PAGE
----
5 years ago

Liver immunotolerance and hepatocellular carcinoma: Patho-physiological mechanisms and therapeutic perspectives

At the moment of the diagnosis of hepatocellular carcinoma (HCC), 70% of patients have only access to palliative treatments, with very few therapeutic options. Liver immunology is very specific, and liver immunotolerance is particularly developed because of the constant and massive influx of antigens. Deregulation of hepatic immunotolerance is implicated in chronic liver diseases development and particularly in liver carcinogenesis. For these reasons, HCC may be an excellent candidate for anticancer immunotherapies such as immune checkpoint inhibitors targeting CTLA-4 and PD-L1/PD-1. Nonetheless, because of the specific immune environment of the liver and the frequent association of HCC with hepatocellular insufficiency, the safety and the efficacy of these new treatments have to be properly studied in this situation. Thus, multiple phase II and III studies are in progress studying immune checkpoint inhibitor monotherapies, combination of different immunotherapies or local strategies such as transarterial chemoembolization combined with immune checkpoint inhibitors. Currently, only the final results of the tremelimumab phase II and the Nivolumab phase I/II study (CheckMate-040) are available. The latter is promising but need to be confirmed by the ongoing phase III studies to confirm the place of immunotherapy in the treatment of HCC. With many new molecular targets and therapeutic combination, immunotherapy represents a new hope in treating HCC patients although serious evaluation is still needed to confirm its interest.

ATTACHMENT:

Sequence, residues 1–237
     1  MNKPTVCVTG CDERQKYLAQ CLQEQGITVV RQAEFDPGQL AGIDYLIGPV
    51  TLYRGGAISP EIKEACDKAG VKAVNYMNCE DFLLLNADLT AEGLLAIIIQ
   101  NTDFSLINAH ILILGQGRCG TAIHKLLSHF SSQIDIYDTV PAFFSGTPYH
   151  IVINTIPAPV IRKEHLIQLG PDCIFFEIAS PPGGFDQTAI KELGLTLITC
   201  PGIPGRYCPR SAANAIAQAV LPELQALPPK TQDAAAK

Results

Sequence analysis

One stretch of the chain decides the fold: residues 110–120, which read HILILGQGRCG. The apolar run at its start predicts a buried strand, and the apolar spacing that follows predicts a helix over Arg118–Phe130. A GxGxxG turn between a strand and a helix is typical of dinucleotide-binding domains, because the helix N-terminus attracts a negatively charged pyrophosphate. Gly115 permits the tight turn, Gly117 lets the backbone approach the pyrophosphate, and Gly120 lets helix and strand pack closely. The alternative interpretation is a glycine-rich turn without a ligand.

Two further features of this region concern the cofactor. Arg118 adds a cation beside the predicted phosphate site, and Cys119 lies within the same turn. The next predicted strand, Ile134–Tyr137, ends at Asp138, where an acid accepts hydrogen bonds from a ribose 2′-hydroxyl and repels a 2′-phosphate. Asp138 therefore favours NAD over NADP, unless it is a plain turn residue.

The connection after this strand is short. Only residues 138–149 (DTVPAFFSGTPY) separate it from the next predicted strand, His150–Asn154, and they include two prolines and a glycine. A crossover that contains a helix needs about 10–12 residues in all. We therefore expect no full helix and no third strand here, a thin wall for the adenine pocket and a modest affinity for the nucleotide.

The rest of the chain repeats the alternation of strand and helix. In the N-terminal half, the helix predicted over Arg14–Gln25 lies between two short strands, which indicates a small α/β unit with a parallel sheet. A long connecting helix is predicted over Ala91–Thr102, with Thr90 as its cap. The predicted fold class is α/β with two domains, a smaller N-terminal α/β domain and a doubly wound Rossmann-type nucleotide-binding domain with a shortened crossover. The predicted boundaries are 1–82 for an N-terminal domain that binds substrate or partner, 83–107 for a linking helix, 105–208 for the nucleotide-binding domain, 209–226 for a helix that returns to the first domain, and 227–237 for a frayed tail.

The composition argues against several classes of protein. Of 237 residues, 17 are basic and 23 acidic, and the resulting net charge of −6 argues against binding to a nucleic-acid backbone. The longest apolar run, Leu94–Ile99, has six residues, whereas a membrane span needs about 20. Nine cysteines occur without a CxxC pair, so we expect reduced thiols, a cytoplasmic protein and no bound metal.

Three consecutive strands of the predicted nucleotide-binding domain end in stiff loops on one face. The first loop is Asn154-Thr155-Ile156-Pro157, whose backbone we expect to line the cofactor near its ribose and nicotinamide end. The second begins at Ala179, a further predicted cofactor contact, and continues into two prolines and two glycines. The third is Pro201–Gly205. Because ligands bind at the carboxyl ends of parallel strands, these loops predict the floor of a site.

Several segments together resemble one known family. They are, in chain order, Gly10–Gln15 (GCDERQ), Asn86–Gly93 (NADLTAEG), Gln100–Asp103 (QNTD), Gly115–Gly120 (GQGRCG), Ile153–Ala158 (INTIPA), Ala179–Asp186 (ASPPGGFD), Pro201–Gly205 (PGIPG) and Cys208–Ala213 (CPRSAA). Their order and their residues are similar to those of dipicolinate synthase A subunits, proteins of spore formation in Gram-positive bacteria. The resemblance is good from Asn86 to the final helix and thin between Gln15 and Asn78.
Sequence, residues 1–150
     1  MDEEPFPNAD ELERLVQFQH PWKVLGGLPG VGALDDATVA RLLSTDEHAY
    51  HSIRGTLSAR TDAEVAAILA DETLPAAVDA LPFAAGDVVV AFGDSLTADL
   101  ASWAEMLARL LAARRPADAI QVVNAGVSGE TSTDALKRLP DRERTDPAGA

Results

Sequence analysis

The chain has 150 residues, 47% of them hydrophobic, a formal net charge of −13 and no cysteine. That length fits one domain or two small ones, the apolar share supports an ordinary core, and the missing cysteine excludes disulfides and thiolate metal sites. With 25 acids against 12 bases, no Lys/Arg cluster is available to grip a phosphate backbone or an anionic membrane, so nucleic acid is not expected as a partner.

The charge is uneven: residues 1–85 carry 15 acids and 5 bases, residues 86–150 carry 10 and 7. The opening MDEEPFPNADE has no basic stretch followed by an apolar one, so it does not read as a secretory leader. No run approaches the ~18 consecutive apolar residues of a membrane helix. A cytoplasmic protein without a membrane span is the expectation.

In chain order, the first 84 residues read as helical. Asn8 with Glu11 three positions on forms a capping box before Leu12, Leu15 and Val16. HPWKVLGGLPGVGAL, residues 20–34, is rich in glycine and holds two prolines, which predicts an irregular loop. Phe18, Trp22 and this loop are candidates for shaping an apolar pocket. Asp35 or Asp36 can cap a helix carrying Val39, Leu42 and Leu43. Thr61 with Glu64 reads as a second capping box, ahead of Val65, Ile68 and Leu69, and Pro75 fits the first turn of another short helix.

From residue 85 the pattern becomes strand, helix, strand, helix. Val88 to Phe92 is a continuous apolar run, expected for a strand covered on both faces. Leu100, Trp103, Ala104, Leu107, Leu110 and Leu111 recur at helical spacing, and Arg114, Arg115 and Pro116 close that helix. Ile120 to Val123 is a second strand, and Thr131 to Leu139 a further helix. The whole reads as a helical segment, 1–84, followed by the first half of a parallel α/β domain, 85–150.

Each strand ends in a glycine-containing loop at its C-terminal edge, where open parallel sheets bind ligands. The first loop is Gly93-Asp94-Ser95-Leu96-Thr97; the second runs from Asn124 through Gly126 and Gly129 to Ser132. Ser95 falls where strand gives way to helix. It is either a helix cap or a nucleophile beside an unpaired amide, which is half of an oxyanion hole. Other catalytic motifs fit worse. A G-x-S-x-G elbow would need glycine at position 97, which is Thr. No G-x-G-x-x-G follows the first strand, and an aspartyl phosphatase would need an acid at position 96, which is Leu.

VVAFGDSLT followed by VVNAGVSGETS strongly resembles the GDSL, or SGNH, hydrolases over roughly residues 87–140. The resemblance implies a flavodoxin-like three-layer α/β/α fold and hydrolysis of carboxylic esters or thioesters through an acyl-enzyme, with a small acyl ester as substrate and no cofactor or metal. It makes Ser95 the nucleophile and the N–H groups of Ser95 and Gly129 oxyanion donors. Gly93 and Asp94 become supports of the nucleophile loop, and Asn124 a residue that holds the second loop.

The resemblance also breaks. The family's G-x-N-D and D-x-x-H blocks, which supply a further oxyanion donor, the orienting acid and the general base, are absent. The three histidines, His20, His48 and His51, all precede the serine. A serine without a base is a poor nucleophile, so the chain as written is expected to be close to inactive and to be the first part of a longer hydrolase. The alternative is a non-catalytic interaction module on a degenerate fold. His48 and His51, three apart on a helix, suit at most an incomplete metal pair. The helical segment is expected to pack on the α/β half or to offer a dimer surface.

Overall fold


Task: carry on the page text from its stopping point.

Publisher URL: www.sciencedirect.com/science

DOI: S0959804917313503

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